Of the many challenges to IRPS 99-1 that the ABA has mounted in its Application for a Preliminary Injunction, this is the easiest to dispose of. Although this Circuit invalidated the NCUA's former multiple common-bond chartering policy, it held that, with respect to single occupational common bonds, "[t]he NCUA may identify and approve other types of common bonds, subject only to the rule of reason embedded in Chevron step two." First National, 90 F.3d at 529. To resolve the first issue issued presented by the ABA, however, the Court need not even resort to the Chevron framework; for as it turns out, the ABA contests a phantom regulation that nowhere appears in IRPS 99-1. In its initial Application and again in its Reply brief, the ABA reads the 10-percent-ownership rule to mean that so long as one company owns 10 percent of another company, both companies' employees would share a single occupational common bond. See ABA App. for Prelim. Inj. at 27; ABA Reply at 12 (indicating that, so far as the ABA understands the 10-percent-ownership rule, a single occupational common bond would exist "regardless of any other facts, including whether some other entity owns the other 90 percent of Company B"). What eludes the ABA is the rule's fundamental limiting provision: for a single occupational common bond to exist among employees of two companies, one company must not only possess at least a 10 percent interest in the other, but its interest must be controlling. See 63 Fed.Reg. at 72022 (permitting single occupational common bond where one corporation has "a controlling ownership interest (which shall not be less than 10 percent)") (emphasis added). Thus, if Company A owns 15 percent of Company B, but Company C owns 30 percent of Company B, IRPS 99-1 would not recognize a single occupational common bond between the employees of Company A and Company B. Because the ABA contests a rule that the NCUA has never promulgated, it enjoys no likelihood of succeeding on the merits of its claim.

With respect to the dependency-relationship rule, the ABA dedicates only two sentences in all of its briefs to this issue. See ABA App. for Prelim. Inj. at 27-28 ("Similarly, the `dependency relationship' exception would allow large suppliers to be bonded with almost a limitless number of customers and service providers. For example, Microsoft could presumably be in the same `single' common bond as nearly all makers of computer software and hardware, including those that have an adversarial relationship with Microsoft, and its outside law firms."); ABA Reply at 12 (offering no argument with respect the dependency-relationship rule). Assessed simply for reasonableness, the dependency-relationship rule withstands the ABA's faint attack.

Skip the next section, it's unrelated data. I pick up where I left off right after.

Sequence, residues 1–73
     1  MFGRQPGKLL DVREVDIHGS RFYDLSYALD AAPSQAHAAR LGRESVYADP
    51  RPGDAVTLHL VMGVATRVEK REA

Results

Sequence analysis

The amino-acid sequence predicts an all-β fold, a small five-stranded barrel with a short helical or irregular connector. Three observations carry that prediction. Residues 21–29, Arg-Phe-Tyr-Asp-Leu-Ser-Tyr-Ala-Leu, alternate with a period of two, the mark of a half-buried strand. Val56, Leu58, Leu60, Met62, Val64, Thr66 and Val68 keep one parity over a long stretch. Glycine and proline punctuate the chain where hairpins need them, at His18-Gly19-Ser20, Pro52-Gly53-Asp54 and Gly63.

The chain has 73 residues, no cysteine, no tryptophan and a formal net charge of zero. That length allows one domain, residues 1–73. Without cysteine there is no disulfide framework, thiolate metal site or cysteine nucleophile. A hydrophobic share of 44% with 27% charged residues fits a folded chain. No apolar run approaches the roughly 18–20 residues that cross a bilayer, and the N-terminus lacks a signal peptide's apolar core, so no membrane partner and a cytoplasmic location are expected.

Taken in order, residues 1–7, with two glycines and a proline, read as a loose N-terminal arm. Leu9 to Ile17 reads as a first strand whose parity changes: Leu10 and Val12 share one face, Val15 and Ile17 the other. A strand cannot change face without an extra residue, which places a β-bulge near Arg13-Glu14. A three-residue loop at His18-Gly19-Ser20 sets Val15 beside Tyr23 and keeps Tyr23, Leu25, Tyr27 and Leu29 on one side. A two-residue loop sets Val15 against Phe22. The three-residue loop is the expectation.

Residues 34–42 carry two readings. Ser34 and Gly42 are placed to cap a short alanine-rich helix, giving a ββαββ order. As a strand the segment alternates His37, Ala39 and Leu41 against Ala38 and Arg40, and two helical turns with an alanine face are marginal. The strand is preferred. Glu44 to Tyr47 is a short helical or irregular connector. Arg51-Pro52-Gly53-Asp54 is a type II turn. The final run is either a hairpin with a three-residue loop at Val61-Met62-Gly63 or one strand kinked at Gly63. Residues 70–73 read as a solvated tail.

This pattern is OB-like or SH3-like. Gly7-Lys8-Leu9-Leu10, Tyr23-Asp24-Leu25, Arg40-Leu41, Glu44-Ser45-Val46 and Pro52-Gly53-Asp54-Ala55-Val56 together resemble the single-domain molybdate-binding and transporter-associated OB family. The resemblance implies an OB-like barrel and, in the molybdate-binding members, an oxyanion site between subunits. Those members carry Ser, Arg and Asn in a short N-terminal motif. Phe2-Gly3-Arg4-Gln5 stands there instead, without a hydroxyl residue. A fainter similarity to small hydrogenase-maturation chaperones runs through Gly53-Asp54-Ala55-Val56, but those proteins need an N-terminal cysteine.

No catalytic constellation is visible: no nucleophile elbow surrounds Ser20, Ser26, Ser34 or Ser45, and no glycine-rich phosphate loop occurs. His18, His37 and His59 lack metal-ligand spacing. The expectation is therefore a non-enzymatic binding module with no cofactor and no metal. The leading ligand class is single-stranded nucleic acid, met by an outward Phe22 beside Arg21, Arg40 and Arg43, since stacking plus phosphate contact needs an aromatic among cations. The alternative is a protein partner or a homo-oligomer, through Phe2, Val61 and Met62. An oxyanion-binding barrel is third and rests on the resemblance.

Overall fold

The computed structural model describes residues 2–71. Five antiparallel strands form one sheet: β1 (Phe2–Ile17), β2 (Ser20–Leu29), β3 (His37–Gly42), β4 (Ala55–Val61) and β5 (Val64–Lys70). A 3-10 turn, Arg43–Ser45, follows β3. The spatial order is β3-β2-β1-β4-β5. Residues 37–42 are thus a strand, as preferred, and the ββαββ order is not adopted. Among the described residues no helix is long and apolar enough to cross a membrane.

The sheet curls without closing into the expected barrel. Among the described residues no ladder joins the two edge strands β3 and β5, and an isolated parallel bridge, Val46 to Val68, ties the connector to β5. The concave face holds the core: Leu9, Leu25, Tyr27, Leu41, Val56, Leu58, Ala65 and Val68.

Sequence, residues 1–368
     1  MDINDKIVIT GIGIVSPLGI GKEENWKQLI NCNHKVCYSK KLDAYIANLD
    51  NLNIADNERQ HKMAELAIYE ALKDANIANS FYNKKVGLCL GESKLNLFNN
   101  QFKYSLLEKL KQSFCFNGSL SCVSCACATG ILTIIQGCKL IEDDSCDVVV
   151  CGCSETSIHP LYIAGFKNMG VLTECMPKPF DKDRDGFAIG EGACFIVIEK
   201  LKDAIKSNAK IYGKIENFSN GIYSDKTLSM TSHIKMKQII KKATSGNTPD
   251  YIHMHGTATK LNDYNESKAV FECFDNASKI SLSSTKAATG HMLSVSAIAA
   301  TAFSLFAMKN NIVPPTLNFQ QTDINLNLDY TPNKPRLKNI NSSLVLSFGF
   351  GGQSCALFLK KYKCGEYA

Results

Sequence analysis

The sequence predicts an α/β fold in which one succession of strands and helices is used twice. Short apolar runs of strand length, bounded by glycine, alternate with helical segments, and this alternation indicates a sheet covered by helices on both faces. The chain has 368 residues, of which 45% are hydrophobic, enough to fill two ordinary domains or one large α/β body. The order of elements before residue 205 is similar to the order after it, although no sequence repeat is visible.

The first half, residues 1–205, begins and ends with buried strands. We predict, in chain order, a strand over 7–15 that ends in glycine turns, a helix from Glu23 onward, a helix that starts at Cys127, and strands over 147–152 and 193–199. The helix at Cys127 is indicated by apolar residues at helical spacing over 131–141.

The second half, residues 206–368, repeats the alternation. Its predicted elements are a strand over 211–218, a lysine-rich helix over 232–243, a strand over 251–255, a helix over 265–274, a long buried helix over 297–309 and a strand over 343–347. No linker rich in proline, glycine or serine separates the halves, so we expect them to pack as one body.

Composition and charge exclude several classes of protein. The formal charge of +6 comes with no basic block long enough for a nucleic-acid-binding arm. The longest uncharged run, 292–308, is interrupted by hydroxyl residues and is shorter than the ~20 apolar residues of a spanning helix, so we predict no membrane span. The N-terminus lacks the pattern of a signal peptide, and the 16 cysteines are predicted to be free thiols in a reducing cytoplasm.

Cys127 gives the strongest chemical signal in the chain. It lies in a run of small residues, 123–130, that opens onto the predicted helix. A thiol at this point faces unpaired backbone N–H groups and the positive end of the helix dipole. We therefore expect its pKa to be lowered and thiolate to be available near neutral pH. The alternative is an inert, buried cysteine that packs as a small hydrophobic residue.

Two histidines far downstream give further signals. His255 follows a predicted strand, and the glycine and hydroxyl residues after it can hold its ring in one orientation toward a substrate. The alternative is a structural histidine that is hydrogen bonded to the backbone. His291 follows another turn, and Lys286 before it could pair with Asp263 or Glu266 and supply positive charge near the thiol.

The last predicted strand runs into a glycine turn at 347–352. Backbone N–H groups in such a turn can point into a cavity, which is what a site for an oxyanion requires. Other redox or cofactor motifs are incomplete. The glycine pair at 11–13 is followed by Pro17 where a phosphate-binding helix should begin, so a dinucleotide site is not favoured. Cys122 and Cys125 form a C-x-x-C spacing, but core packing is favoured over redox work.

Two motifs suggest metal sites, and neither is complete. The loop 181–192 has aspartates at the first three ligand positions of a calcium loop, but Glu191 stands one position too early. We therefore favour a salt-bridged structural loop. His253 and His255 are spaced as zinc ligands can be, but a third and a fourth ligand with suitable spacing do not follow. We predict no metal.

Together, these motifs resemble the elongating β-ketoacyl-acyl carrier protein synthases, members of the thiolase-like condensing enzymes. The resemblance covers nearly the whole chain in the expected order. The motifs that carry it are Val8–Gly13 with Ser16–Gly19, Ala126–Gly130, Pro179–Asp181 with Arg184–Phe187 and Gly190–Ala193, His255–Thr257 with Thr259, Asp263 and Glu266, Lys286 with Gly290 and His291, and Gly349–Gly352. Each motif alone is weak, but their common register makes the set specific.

Unlike many of the other rules that IRPS 99-1 sets forth, the dependency-relationship rule is not of recent vintage. As far back as 1989, the NCUA permitted employees of entities bound by a strong dependent relationship to join in a single occupational common bond. See IRPS 89-1, 54 Fed.Reg. 31165, 31169 (1989). That this interpretation has endured for a decade is significant for many reasons, not the least of which is that the NCUA's "consistent and longstanding interpretation" as "the agency charged with administration of the [FCUA], while not controlling, is entitled to considerable weight." United States v. National Ass'n of Sec. Dealers, Inc., 422 U.S. 694, 719, 95 S.Ct. 2427, 45 L.Ed.2d 486 (1975); see also Anderson Shipping Co. v. EPA, 852 F.2d 1387, 1391 (D.C.Cir. 1988) ("We are inclined to give considerable weight to this longstanding Agency interpretation of the statute entrusted to its administration."). But beyond doctrinal significance, it is noteworthy that the parade of horribles forecasted by the ABA has yet to manifest. Surely, were the dependency-relationship rule so expansive that a corporate behemoth could form a single occupational common-bond credit union with each of its contractors, the ABA would be able to identify at least one. Looking at how the NCUA has traditionally applied the dependent-relationship rule, though, it is clear why the ABA's fears have yet to materialize: The rule has been used "primarily to determine when military base credit unions should be permitted to serve the employees of contractors operating on the base." NAFCU Opp'n at 18. Accordingly, recognizing that the "NCUA may identify and approve other types of common bonds, subject only to the rule of reason embedded in Chevron step two," First National, 90 F.3d at 529, the Court cannot say that the NCUA's longstanding dependency-relationship rule is an unreasonable interpretation of the FCUA or the CUMAA. The ABA, therefore, is unlikely to succeed on the merits.*fn10